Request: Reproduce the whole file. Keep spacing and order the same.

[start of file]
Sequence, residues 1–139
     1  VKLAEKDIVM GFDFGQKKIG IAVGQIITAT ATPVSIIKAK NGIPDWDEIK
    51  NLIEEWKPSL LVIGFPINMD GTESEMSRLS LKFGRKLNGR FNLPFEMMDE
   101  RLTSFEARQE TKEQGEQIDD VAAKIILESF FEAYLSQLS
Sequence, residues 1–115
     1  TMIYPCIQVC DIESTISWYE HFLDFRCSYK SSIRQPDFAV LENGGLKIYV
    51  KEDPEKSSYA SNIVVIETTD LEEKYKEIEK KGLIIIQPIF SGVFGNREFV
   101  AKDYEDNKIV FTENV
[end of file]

Sequence, residues 1–139
     1  VKLAEKDIVM GFDFGQKKIG IAVGQIITAT ATPVSIIKAK NGIPDWDEIK
    51  NLIEEWKPSL LVIGFPINMD GTESEMSRLS LKFGRKLNGR FNLPFEMMDE
   101  RLTSFEARQE TKEQGEQIDD VAAKIILESF FEAYLSQLS
Sequence, residues 1–115
     1  TMIYPCIQVC DIESTISWYE HFLDFRCSYK SSIRQPDFAV LENGGLKIYV
    51  KEDPEKSSYA SNIVVIETTD LEEKYKEIEK KGLIIIQPIF SGVFGNREFV
   101  AKDYEDNKIV FTENV